keywords = "Appointment scheduling, Open access, Outpatient clinic, Patient no-show, Simulation",
author = "Renata Kopach and DeLaurentis, {Po Ching} and Mark Lawley and Kumar Muthuraman and Leyla Ozsen and Ron Rardin and Hong Wan and Paul Intrevado and Xiuli Qu and Deanna Willis",
year = "2007",
month = "6",
day = "1",
doi = "10.1007/s10729-007-9008-9",
language = "English (US)",
volume = "10",
pages = "111--124",
journal = "Health Care Management Science",
issn = "1386-9620",
publisher = "Kluwer Academic Publishers",
number = "2",

}

TY - JOUR

T1 - Effects of clinical characteristics on successful open access scheduling

AU - Kopach, Renata

AU - DeLaurentis, Po Ching

AU - Lawley, Mark

AU - Muthuraman, Kumar

AU - Ozsen, Leyla

AU - Rardin, Ron

AU - Wan, Hong

AU - Intrevado, Paul

AU - Qu, Xiuli

AU - Willis, Deanna

PY - 2007/6/1

Y1 - 2007/6/1

N2 - Many outpatient clinics are experimenting with open access scheduling. Under open access, patients see their physicians within a day or two of making their appointment request, and long term patient booking is very limited. The hope is that these short appointment lead times will improve patient access and reduce uncertainty in clinic operations by reducing patient no-shows. Practice shows that successful implementation can be strongly influenced by clinic characteristics, indicating that open access policies must be designed to account for local clinical conditions. The effects of four variables on clinic performance are examined: (1) the fraction of patients being served on open access, (2) the scheduling horizon for patients on longer term appointment scheduling, (3) provider care groups, and (4) overbooking. Discrete event simulation, designed experimentation, and data drawn from an intercity clinic in central Indiana are used to study the effects of these variables on clinic throughput and patient continuity of care. Results show that, if correctly configured, open access can lead to significant improvements in clinic throughput with little sacrifice in continuity of care.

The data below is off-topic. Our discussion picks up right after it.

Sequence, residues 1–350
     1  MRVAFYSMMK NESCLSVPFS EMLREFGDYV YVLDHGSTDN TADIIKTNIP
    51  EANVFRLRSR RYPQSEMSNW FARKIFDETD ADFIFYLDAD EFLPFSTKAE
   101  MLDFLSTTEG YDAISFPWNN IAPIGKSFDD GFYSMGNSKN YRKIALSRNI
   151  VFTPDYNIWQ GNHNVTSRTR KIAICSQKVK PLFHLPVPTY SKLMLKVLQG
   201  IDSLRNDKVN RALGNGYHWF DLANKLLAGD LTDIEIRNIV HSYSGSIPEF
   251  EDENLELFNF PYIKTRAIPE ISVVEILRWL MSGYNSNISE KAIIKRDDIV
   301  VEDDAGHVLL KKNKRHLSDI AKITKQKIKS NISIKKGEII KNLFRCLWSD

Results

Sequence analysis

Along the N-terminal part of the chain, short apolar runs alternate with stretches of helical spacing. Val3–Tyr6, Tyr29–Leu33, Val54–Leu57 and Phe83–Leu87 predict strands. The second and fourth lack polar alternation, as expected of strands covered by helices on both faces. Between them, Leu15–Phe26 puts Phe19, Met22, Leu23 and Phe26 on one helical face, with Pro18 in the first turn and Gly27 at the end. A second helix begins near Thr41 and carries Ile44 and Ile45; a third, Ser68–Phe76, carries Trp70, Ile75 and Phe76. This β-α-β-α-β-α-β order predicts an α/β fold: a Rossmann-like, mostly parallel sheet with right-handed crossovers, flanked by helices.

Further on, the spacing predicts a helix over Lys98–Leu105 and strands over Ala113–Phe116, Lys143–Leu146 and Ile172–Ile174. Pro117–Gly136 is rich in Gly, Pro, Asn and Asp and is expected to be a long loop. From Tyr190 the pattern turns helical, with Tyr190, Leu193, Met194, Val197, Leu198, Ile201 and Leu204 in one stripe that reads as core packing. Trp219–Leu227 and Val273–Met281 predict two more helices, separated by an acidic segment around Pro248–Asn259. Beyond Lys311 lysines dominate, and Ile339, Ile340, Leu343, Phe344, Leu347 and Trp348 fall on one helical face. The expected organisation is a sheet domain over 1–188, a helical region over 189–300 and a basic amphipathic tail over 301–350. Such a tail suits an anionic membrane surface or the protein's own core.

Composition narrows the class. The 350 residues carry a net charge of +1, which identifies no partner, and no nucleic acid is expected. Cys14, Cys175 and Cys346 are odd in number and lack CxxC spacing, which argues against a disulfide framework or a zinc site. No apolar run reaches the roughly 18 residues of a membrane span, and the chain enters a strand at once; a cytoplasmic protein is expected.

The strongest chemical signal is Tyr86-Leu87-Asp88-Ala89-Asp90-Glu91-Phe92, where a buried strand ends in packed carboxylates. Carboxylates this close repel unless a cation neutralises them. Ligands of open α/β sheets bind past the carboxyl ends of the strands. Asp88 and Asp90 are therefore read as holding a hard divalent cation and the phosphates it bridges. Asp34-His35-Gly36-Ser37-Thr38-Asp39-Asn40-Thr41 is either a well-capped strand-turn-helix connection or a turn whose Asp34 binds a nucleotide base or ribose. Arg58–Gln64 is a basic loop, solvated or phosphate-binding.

AB - Many outpatient clinics are experimenting with open access scheduling. Under open access, patients see their physicians within a day or two of making their appointment request, and long term patient booking is very limited. The hope is that these short appointment lead times will improve patient access and reduce uncertainty in clinic operations by reducing patient no-shows. Practice shows that successful implementation can be strongly influenced by clinic characteristics, indicating that open access policies must be designed to account for local clinical conditions. The effects of four variables on clinic performance are examined: (1) the fraction of patients being served on open access, (2) the scheduling horizon for patients on longer term appointment scheduling, (3) provider care groups, and (4) overbooking. Discrete event simulation, designed experimentation, and data drawn from an intercity clinic in central Indiana are used to study the effects of these variables on clinic throughput and patient continuity of care. Results show that, if correctly configured, open access can lead to significant improvements in clinic throughput with little sacrifice in continuity of care.

KW - Appointment scheduling

KW - Open access

KW - Outpatient clinic

KW - Patient no-show

KW - Simulation

UR - http://www.scopus.com/inward/record.url?scp=34248993266&partnerID=8YFLogxK

UR - http://www.scopus.com/inward/citedby.url?scp=34248993266&partnerID=8YFLogxK

U2 - 10.1007/s10729-007-9008-9

DO - 10.1007/s10729-007-9008-9

M3 - Article

C2 - 17608053

AN - SCOPUS:34248993266

VL - 10

SP - 111

EP - 124

JO - Health Care Management Science

JF - Health Care Management Science

SN - 1386-9620

IS - 2

ER -